In June 2016, the ILO Committee on the Application of Standards concluded a special paragraph calling for further amendments to the Bangladesh Labour Act relating to freedom of association and collective bargaining to bring it in compliance with international labour standards, including revisiting the minimum 30 percent requirement of membership for union registration. 

Trade unions need to be allowed to operate without harassment or obstacle. Genuine efforts are needed to combat anti-union discrimination and unfair labour practices. At the same time, the trade union registration process needs to become a smooth and expeditious formality in accordance with objective and transparent criteria.

In addition, changes need to be made to the legal framework applicable in the Export Processing Zones to ensure that the rights of workers are commensurate with those provided in the national Labour Law and international labour standards. 

These conclusions of the Committee on the Application of Standards are important and need to be acted upon. The progress of the government in addressing these issues will be considered during ILO's International Labour Conference in June 2017.

How equipped is Bangladesh to deal with compliance issues after the pressure, in the forms of Accord and Alliance, ceases to exist?

Over the past four years ILO with the support of Canada, the Netherlands and the United Kingdom has provided considerable support to the Government of Bangladesh to strengthen its regulatory mechanisms and capacity in preparation for the day as and when support from the Accord, Alliance and development partners ends. Considerable progress has been made in this regard. There are now more harmonised standards, protocols and processes in place relating to building safety. Regulators are working together and their staff are better trained.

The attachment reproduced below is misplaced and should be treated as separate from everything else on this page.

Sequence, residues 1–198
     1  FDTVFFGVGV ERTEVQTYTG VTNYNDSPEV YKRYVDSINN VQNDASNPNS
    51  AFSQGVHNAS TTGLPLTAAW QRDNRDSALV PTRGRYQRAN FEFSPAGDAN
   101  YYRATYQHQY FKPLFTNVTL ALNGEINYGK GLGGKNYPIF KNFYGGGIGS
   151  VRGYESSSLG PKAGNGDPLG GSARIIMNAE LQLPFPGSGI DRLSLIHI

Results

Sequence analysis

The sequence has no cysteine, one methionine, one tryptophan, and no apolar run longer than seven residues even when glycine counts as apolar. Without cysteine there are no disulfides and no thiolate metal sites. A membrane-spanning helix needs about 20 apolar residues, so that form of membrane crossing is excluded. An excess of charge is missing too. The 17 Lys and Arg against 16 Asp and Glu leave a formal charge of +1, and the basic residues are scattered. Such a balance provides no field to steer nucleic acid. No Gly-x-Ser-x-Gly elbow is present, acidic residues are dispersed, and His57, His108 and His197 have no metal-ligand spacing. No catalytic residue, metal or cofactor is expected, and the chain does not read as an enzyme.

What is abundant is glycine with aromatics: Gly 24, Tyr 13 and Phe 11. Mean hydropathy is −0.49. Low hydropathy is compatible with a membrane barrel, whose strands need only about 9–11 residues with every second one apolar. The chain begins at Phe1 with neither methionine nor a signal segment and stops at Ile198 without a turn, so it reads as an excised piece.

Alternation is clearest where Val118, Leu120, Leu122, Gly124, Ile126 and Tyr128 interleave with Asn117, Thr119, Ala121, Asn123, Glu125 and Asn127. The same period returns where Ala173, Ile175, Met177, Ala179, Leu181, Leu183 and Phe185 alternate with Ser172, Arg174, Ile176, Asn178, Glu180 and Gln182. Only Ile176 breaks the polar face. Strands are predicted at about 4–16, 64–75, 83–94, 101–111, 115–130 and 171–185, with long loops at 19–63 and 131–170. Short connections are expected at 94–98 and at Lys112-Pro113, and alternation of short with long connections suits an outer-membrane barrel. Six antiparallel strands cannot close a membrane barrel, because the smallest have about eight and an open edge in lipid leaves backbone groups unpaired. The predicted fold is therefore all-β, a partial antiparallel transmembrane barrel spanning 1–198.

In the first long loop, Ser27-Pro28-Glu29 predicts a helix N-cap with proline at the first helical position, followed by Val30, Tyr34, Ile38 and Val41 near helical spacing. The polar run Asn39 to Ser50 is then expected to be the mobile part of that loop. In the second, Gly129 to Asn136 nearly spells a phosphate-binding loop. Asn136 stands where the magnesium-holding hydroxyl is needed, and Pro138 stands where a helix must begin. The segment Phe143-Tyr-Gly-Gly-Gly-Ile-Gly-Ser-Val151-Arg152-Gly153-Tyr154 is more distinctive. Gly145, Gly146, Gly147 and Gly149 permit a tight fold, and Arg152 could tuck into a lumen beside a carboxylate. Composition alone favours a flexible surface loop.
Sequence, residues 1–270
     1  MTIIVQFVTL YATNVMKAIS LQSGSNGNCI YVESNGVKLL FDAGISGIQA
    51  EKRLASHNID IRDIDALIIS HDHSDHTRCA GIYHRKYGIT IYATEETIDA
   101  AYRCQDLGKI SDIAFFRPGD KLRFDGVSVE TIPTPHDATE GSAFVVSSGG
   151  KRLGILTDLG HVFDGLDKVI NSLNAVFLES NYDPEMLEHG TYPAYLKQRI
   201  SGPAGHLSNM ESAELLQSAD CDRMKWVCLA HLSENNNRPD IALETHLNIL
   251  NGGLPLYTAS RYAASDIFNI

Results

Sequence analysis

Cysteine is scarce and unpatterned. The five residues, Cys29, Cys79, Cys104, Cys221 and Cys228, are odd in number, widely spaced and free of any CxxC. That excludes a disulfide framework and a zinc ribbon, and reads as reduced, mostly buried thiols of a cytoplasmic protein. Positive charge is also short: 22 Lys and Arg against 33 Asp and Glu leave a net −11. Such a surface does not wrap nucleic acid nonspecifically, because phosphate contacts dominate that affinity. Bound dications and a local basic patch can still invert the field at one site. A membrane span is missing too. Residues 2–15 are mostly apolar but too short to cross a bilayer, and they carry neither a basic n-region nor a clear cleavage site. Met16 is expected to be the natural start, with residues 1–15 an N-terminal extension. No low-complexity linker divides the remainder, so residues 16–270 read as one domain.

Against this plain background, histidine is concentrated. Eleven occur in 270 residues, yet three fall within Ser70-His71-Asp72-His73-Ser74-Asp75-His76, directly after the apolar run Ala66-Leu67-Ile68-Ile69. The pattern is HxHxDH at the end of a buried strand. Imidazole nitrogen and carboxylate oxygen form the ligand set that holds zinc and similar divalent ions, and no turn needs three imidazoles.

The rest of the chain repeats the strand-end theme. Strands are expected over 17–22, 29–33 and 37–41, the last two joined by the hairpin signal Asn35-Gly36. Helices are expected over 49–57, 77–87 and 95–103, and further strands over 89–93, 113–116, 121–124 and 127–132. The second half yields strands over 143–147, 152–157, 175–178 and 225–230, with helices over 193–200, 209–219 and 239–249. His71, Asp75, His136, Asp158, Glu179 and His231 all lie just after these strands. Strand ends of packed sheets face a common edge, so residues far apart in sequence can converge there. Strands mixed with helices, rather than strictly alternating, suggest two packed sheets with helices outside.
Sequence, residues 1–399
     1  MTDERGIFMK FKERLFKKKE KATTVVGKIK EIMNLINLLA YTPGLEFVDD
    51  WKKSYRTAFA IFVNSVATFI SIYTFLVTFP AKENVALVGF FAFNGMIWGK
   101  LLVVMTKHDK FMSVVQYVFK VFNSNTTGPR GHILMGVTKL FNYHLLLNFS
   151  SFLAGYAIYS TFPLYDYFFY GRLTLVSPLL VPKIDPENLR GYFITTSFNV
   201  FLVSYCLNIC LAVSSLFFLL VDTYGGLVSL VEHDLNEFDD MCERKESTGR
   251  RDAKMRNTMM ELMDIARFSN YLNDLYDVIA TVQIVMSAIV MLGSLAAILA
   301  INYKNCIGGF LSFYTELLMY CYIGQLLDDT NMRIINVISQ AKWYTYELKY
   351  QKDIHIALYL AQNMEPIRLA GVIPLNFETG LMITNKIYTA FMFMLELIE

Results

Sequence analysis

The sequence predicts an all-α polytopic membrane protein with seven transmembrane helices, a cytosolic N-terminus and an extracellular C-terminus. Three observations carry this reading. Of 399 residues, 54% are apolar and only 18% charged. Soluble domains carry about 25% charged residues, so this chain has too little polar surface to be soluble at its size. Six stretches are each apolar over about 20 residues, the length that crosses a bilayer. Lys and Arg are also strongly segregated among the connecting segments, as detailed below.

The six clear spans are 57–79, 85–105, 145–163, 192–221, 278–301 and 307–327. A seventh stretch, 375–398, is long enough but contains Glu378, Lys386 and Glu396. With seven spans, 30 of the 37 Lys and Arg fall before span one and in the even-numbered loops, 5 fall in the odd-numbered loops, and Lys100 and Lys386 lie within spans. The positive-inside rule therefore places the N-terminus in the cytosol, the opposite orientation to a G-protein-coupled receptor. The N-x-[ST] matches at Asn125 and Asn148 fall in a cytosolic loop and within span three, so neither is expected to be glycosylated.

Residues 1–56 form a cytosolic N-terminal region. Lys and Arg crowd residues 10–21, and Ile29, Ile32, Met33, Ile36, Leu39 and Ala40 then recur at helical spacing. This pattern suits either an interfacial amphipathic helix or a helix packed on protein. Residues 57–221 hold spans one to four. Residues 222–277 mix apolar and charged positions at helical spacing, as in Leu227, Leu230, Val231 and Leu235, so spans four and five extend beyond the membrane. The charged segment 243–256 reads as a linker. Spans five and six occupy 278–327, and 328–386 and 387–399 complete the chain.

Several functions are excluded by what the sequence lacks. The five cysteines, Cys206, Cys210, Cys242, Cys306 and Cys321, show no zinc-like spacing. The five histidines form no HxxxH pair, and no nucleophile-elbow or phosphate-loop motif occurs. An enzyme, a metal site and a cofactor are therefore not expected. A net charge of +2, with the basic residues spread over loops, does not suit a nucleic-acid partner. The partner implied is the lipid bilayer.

The establishment of the Remediation Coordination Cell (RCC) to oversee remediation of the 1,500 factories under the national initiative is another key step. This is a concrete manifestation of efforts to institutionalise safety reforms which will ultimately benefit all sectors. It will further contribute to the national capacity of regulators as well as collaboration between them. In addition, the RCC will help further facilitate knowledge transfer from the Accord and Alliance, both of which have provided excellent support to the national initiative over the past four years.

In terms of policy and law, what should Bangladesh focus on in the medium- and long-term?

As already mentioned, there needs to be further amendments to the Bangladesh Labour Act as well as the draft EPZ law to bring them into compliance with international labour standards. Other areas include the development of a credible industrial safety agency, preferably a one stop shop, for granting building plan approvals and all other licenses and monitoring compliance in respect to structural integrity and fire safety of all industrial buildings. ILO is supporting the government to develop such a single window mechanism. This will help ensure factory safety and give confidence to buyers and brands to continue to invest in Bangladesh, as continued industrial growth and creation of new jobs is critical for poverty alleviation and growth. For these reasons, ILO strongly encourages the government, employers and worker organisations to work towards making the industries safe and providing conditions for the realisation of labour rights, which is necessary for inclusive growth and development. 

One of the major complaints from the workers has been in terms of the low minimum wage. What are your thoughts on that? How does it compare to the ILO's standards for minimum wage structure?

In a country where collective bargaining is still quite weak and industrial relations are not very developed, the minimum wage is very important. The minimum wage has increased since the Rana Plaza collapse, but clearly there is room for ongoing discussion about whether it is sufficient. The right way to do this is for the government to consult with workers and employers to fix what they consider to be the right wage.